Lifestyle

Tuberculosis tends to affect people who are generally run down and otherwise in poor health. Adequate rest is important, as is a good diet, which should include plenty of potassium-rich foods, raw vegetables, fruits, and protein from legumes and whole grains as well as fish and meat. Plenty of fresh air is beneficial. Bad habits such as smoking, drinking excess alcohol, and taking recreational drugs should be avoided.

CAUTION

• If tuberculosis is suspected because of contact with someone who has it, consult a doctor.

• If there are symptoms of tuberculous meningitis (stiff neck, severe headache, light-intolerance, and confusion and drowsiness leading to coma), see a doctor immediately.

CASE HISTORY

The author has not personally treated a case of tuberculosis. The following is based on a report in French homeopathic literature by Dr. Nebel of Monteau at the beginning of the 20th century.

Charles had suffered from pulmonary tuberculosis for ten years. His father and three siblings had died from it. Clinically, he showed signs of extensive tuberculosis, mainly affecting the left lung, with a cough and copious green sputum, which frequently contained blood.

PERSONAL DETAILS

Charles was very tall and thin, with an emaciated chest. He suffered sleeplessness and weariness. He was extremely depressed and worried about his health, being convinced that he would die.

FOOD PREFERENCES

A lover of acidic foods and fat, particularly meat fat, Charles had been known to eat lard. He also liked smoked meats and salty foods. He had a great thirst, sipping water constantly. His stomach was upset by acidic foods and very cold drinks. He would become very hungry during the night and have to eat something.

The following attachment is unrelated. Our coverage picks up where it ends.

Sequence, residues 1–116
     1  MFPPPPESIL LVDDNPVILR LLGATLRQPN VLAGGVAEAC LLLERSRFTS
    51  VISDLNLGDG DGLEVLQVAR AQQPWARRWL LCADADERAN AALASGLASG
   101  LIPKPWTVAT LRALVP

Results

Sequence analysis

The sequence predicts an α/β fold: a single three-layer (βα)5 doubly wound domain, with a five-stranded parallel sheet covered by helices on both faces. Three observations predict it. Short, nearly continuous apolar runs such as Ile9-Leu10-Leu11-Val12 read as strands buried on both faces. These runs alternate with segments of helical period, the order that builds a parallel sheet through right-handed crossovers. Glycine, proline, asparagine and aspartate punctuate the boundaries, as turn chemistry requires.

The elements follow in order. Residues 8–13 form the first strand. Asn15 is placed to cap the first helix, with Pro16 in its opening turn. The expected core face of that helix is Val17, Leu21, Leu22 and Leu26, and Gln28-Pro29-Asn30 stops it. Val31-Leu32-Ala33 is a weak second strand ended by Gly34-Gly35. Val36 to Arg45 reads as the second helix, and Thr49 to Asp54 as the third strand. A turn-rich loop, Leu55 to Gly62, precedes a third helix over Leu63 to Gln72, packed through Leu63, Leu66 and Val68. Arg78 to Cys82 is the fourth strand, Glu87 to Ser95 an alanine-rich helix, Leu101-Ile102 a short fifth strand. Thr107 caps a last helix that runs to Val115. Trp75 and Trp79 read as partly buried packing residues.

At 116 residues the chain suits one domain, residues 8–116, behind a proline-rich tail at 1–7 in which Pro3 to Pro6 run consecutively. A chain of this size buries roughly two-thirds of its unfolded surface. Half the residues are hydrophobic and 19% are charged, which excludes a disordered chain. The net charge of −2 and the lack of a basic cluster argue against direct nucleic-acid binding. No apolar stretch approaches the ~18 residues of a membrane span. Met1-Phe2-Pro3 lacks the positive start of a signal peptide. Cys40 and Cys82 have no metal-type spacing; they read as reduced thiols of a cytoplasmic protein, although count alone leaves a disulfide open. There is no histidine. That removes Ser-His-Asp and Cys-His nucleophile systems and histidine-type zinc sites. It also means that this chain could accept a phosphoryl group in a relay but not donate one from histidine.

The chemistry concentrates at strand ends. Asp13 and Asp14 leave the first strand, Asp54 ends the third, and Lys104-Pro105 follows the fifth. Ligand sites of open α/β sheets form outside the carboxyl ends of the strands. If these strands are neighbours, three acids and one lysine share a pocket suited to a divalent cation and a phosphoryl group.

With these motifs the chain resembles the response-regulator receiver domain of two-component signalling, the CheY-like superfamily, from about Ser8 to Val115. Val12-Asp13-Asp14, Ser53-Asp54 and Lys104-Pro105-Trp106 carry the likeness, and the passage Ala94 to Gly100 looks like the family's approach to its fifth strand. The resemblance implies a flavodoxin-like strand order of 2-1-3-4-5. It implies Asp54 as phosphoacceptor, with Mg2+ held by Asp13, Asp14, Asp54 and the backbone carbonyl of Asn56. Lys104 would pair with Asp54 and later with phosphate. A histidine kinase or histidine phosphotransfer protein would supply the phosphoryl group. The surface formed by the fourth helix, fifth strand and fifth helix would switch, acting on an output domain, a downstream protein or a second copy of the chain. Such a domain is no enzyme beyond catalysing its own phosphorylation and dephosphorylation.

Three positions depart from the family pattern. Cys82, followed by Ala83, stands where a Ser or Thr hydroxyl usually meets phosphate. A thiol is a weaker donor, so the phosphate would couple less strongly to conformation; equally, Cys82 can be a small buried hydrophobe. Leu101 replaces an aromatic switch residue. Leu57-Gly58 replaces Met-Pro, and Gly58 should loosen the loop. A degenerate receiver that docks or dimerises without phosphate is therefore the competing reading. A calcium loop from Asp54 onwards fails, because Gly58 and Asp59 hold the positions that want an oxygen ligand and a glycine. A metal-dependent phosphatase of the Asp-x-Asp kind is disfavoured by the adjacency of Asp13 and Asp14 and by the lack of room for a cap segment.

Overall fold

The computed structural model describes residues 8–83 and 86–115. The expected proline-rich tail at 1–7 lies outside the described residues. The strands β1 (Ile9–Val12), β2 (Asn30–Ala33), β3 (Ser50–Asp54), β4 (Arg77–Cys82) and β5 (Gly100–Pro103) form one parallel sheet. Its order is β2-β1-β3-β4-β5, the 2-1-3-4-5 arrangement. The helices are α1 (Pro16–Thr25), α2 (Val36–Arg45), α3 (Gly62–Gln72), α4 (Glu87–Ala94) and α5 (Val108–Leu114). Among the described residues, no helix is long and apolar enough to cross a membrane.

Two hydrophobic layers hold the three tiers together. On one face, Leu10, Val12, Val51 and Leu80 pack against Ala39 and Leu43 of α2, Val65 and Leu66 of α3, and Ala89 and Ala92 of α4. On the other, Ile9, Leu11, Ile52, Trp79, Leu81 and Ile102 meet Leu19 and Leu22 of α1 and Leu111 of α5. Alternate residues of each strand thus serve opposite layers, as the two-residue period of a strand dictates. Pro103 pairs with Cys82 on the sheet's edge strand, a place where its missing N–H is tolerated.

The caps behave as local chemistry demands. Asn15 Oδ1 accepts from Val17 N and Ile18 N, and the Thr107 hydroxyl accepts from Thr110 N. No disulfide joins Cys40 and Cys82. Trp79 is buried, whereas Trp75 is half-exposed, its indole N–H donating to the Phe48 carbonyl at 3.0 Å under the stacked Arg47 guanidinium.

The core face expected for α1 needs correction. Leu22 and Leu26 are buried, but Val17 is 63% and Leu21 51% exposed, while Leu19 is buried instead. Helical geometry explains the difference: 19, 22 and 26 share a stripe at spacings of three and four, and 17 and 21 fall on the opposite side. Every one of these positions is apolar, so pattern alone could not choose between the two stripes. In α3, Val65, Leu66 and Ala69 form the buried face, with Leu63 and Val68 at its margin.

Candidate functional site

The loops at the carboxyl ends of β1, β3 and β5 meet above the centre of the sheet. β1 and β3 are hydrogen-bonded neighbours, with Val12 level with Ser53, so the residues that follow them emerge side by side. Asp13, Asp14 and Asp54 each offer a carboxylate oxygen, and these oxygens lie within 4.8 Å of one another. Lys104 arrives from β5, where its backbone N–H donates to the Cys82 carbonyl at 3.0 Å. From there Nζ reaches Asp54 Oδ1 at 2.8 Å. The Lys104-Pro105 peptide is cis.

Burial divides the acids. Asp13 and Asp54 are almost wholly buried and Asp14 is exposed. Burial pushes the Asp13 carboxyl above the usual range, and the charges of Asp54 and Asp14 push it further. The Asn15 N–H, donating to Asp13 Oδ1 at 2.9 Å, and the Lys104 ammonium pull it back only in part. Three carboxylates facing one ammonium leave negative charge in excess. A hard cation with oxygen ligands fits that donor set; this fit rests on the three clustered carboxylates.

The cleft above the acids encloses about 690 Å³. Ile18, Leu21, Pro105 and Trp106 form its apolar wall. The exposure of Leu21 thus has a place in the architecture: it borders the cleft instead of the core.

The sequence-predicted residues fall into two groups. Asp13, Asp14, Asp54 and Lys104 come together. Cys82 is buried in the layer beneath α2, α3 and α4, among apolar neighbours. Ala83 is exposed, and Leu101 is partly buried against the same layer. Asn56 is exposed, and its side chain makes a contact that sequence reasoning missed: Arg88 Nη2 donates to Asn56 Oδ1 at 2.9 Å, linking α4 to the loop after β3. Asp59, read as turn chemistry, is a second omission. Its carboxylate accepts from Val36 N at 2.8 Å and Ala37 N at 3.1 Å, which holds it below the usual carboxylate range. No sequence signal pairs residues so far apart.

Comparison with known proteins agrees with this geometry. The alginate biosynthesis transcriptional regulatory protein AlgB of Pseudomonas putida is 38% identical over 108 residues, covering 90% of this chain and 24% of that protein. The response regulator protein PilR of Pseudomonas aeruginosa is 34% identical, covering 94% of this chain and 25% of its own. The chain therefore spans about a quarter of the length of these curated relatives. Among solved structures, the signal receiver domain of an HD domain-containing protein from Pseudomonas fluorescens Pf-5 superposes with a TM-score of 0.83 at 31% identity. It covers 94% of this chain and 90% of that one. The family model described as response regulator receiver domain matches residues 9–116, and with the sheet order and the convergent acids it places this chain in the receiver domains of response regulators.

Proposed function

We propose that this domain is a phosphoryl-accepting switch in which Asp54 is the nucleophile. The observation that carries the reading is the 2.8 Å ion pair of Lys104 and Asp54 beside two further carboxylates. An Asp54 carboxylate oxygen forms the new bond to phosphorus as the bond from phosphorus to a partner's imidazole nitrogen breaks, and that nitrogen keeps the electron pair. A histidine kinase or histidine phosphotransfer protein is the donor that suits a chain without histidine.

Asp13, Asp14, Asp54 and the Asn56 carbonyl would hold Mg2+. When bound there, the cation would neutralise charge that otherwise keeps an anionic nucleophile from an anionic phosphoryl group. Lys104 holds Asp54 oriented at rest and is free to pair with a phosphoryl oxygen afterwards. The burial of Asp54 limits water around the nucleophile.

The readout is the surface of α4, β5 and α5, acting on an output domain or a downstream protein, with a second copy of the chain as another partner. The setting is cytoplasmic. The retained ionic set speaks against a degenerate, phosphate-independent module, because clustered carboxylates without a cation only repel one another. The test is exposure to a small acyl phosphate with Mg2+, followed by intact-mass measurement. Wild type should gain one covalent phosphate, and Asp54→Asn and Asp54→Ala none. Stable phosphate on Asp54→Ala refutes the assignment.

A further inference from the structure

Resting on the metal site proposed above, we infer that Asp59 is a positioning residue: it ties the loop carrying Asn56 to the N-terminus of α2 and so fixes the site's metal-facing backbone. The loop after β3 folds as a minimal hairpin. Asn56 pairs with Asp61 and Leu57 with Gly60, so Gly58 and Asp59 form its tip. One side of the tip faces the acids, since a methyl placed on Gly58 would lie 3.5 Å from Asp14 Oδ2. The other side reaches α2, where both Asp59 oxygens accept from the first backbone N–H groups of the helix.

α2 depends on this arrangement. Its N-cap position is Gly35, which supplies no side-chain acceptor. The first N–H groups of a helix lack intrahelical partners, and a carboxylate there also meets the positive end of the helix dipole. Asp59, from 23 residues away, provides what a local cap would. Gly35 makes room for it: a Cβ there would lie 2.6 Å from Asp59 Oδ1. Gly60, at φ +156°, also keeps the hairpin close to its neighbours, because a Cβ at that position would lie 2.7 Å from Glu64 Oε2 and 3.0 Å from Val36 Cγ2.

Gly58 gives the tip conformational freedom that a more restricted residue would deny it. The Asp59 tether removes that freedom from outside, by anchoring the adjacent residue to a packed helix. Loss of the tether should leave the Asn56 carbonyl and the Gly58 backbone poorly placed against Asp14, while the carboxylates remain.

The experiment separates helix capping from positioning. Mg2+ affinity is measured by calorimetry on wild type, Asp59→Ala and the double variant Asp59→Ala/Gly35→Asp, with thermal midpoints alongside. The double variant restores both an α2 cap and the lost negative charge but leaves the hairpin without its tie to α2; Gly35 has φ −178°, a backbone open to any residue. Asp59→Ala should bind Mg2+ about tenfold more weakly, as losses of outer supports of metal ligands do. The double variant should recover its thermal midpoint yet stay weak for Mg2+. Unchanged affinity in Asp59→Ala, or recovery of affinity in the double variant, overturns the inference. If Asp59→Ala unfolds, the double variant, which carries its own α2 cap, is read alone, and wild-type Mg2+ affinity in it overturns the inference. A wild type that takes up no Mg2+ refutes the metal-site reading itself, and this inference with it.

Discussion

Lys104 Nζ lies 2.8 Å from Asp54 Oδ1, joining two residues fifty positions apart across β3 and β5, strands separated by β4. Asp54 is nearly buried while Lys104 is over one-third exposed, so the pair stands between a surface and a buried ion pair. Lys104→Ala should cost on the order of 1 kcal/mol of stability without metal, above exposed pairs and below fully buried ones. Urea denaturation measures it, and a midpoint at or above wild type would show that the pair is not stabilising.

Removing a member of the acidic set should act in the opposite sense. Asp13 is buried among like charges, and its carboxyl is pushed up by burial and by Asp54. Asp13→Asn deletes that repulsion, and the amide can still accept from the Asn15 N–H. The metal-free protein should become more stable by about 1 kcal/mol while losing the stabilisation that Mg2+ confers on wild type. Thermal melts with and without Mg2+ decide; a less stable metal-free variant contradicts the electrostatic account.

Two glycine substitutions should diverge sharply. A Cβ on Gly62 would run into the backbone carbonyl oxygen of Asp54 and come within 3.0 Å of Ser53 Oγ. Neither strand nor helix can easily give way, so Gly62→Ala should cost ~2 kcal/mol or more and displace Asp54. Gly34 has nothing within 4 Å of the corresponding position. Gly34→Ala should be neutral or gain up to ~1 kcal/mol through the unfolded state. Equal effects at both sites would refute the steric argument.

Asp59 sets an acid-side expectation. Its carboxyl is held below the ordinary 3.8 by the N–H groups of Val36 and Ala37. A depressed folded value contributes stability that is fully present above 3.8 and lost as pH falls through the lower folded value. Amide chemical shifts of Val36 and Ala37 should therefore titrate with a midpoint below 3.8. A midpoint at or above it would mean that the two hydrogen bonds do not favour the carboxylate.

GENERAL DETAILS

Charles was often constipated and, although he felt the cold, he experienced night sweats. His symptoms were worse between midnight and 2 a.m. He exuded from his armpits and chest what his doctor described as the smell of tuberculosis.

PRESCRIPTION & FOLLOW-UP

Charles was prescribed Tuberculinum, which gave him chest pains. Within a few days, however, his cough and perspiration reduced significantly, although he lost a little more weight. He tried other remedies. After taking Silica, his weight dropped further but his general health improved. After taking Arsen. alb., he coughed only slightly in the morning and evening, he produced no sputum, his chest sounded better to his doctor, and he started gaining weight. After ten weeks his appetite was good, and he could walk farther than before without feeling breathless. He felt stronger than he had for years, and was hopeful for a complete recovery.

Character Building Thought Power

Character Building Thought Power

Character-Building Thought Power by Ralph Waldo Trine. Ralph draws a distinct line between bad and good habits. In this book, every effort is made by the writer to explain what comprises good habits and why every one needs it early in life. It draws the conclusion that habits nurtured in early life concretize into impulses in future for the good or bad of the subject.

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